Warning: Contains repeated violence.

Rating: 5 stars!

Who should read it? Only folks who have read the first in the series, otherwise there is going to be a lot of complexity lost.

Want to read the whole series?

Master of Alaska

Master of Alaska

Summary:

The detail and research that author Roger Seiler used – from biographies to actual letters and reports by the Governor Baranov himself - creates a riveting story.

“Master of Alaska” - a compelling Historical Fiction about the first governor of Alaska sent to the colony by Russia in 1790 – George Washington was President at the time. “Master of Alaska” starts in October 1790 when Aleksandr Baranov left his family in Russia and sails across the North Pacific to Kodiak to become the chief manager for Tsarina Catherine the Great’s colony in the far Northwest of North America. Baranov is shipwrecked, saved and adopted by the Aleut natives. Later he is forced to marry Anooka the daughter of the tribal chief, despite still having a wife back in Russia to save his men from starvation. Only slated to serve five years, Baranov spends the next 28 years in Alaska, surviving natural disasters, a massacre of his people at Sitka, meddling competing Russian authorities, a British attempt to undermine his colony and an assassination attempt. Interestingly, Baranov’s native wife and teenage daughter play an intricate role and contribute much to his success and survival in Alaska. Baranov built an empire and sought peace with the warring Tlingit, and thanks largely to his efforts Alaska is part of the U.S. today.  (Summary and cover courtesy of goodreads.com)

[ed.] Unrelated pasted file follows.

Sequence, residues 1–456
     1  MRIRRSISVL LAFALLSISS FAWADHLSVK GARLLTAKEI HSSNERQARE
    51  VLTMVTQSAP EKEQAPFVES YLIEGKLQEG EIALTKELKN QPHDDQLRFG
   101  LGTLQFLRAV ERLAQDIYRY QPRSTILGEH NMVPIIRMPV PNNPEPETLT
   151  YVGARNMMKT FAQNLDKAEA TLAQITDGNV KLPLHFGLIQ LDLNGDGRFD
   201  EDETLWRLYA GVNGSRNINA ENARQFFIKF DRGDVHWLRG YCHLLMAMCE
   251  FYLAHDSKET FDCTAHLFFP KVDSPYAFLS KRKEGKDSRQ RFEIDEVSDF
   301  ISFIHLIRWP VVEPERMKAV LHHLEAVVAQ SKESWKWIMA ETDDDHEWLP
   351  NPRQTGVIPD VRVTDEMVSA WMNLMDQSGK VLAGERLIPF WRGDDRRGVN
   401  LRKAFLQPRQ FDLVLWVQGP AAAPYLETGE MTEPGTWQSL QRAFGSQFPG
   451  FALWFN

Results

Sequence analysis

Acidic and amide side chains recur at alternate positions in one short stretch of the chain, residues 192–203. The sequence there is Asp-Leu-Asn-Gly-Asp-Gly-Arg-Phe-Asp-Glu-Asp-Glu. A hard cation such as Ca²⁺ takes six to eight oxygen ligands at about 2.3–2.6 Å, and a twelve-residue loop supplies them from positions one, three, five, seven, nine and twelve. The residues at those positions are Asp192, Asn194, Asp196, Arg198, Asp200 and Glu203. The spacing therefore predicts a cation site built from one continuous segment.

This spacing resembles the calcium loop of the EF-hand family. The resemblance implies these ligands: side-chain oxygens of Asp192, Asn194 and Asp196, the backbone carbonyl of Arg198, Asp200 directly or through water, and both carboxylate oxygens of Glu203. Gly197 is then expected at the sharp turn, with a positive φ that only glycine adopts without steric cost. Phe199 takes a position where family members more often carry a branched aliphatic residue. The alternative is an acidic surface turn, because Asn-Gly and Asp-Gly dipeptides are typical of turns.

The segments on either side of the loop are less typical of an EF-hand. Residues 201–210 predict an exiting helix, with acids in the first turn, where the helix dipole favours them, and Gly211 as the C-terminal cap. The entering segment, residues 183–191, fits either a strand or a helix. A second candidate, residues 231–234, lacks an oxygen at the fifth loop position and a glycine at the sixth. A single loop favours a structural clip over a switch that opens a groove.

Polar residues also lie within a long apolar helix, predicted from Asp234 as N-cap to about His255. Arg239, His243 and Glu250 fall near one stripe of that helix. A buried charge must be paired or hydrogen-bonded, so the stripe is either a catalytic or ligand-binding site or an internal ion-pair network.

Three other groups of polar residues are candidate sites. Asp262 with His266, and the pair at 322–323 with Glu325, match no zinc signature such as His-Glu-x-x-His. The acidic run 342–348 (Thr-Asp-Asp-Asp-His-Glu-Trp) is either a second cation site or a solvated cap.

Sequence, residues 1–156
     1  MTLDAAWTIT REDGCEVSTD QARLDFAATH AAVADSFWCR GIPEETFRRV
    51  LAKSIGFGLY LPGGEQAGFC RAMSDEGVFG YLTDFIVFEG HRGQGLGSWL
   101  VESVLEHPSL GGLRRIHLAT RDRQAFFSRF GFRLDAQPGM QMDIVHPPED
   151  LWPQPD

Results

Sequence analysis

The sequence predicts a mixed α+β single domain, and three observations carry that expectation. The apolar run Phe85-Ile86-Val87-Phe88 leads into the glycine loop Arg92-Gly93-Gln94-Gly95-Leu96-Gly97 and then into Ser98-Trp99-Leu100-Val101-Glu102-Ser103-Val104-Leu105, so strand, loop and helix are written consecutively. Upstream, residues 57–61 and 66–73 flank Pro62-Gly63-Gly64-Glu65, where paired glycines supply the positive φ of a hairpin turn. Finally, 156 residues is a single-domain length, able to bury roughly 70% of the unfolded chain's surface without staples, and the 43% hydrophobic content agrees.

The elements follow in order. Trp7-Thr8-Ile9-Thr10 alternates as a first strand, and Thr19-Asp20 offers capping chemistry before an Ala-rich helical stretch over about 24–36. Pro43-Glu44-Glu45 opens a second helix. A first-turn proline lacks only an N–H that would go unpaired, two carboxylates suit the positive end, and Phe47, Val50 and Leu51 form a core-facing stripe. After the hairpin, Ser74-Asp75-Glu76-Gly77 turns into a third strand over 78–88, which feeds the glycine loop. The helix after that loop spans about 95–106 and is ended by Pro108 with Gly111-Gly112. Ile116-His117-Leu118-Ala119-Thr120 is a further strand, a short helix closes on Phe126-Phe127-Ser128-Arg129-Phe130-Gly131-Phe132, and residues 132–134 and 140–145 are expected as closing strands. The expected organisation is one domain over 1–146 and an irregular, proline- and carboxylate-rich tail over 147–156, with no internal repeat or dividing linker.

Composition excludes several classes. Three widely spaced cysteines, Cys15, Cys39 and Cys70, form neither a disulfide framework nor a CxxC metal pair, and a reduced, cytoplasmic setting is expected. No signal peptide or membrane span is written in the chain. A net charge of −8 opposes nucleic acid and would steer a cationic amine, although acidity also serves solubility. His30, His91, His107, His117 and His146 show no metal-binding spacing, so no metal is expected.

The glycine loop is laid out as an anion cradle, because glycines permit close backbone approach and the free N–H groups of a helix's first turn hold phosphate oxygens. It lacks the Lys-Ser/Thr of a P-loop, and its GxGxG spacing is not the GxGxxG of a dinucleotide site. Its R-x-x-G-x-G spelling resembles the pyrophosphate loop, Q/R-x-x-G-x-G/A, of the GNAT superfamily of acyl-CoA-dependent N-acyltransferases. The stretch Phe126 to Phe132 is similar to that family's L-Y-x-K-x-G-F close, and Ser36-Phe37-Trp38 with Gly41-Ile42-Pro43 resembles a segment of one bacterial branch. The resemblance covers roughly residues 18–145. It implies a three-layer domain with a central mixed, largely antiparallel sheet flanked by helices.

Please note: I received a free copy of this book courtesy of Sage’s Blog Tours and I voluntarily chose to write a review

Review: